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Delays to Lewis Johnson chase death probe under fire

‘It’s wholly unsatisfactory,’ says coroner after police watchdog warns it cannot meet deadline

03 March, 2017 — By Koos Couvée

Holloway teenager Lewis Johnson died in a scooter crash in February last year after a police pursuit

A POLICE watchdog has again come under fire from a coroner over the length of time it is taking to complete its investigation into the road chase death of Holloway teenager Lewis Johnson.

Lewis, 18, was on a Vespa scooter when he crashed into a van at Clapton Common after a two-mile pursuit by two police cars in February last year.

Another man, aged 20, who was on the back of the scooter, was injured in the crash. Lewis, a talented footballer, died at the scene.

At a preliminary hearing of the inquest into Lewis’s death on Wednesday, coroner Mary Hassell reacted angrily when the Independent Police Complaints Commission, which is investigating the crash, said it will not publish its final report until April – two months past the deadline given by the coroner.

“It’s wholly unsatisfactory,” she said.

Her criticism comes after she told another barrister for the watchdog at a hearing last August that she was “horrified” that the report would not be finished until February.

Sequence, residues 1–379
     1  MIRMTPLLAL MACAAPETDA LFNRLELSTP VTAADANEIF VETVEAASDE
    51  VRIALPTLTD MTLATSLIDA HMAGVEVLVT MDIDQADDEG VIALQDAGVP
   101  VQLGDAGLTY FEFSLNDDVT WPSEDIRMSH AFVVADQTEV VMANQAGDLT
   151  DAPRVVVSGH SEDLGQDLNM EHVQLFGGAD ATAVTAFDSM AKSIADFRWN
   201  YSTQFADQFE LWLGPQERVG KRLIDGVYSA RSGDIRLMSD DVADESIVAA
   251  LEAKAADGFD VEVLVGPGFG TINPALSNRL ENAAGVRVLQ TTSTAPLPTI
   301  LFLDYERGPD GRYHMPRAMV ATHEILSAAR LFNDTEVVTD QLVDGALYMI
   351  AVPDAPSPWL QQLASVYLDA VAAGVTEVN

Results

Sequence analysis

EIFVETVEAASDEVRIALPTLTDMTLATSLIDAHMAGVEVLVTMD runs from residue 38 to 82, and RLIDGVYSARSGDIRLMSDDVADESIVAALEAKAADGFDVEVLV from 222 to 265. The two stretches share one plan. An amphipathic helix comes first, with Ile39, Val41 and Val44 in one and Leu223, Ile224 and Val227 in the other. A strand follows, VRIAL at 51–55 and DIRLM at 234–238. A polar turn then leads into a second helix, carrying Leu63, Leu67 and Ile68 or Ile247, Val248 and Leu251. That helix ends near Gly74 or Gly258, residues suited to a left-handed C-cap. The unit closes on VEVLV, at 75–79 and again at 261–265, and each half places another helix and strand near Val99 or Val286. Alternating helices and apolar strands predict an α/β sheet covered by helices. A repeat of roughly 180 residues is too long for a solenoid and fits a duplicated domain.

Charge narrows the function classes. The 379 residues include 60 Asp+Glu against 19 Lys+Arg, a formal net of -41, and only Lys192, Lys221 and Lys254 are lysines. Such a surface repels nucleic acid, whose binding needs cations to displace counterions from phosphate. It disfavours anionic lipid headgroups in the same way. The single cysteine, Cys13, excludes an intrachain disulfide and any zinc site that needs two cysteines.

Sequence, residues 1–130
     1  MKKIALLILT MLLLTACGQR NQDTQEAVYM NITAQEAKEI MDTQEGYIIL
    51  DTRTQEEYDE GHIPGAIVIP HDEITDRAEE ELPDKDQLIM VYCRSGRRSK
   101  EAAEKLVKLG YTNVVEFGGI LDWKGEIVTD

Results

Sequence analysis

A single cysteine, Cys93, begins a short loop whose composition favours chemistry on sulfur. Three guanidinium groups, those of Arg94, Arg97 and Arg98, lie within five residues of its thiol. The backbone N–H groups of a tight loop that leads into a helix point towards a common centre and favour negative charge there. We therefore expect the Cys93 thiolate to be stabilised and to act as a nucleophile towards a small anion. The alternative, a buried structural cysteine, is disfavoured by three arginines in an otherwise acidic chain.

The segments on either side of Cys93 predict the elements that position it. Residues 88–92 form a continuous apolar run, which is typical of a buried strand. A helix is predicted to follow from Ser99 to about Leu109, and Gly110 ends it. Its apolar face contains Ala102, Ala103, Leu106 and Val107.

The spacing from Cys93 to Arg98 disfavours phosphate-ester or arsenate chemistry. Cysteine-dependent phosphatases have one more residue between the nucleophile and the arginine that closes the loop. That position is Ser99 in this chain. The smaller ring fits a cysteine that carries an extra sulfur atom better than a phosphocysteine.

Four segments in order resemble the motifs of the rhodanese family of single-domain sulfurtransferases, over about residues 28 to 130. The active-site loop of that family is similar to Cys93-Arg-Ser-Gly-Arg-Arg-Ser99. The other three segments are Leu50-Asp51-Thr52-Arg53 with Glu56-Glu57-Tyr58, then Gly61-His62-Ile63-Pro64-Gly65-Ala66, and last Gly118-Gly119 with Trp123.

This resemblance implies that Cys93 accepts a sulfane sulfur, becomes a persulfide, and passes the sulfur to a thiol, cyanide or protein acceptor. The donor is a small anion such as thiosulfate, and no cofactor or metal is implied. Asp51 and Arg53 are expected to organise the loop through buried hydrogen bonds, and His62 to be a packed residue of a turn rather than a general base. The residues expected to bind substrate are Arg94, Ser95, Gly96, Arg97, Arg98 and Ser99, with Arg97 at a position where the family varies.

Speaking after Wed­nes­day’s hearing, Andre Clovis, solicitor for Lewis’s family, said: “The family are very disappointed by this further delay. They have, however, been kept updated by the IPCC and hope there will be no further delays. They are very keen to see this report and underlying documents.”

The inquest heard that one of the officers involved in the chase is considering applying for witness anonymity in the proceedings.

The coroner ordered the Met to make any application for anonymity by March 14.

Louis Kyriacou, 20, who was travelling on the moped with Lewis, was sentenced to 10 months in a young offenders’ institute for his part in a 45-minute series of phone snatches.

Two officers involved in the pursuit have been served with gross misconduct notices by the IPCC and advised they are under criminal investigation, though this does not mean charges will necessarily follow.

Three other officers have been served with gross misconduct notices. These do not imply guilt.

An IPCC spokeswoman said: “We had anticipated that the final investigation report would be completed by early March.

“Having received an independent review of the collision investigation report and re-interviewed officers, the IPCC’s final report is now more likely to be completed around mid-April. Efforts are being made to ensure the investigation and final report are concluded as swiftly as possible.”

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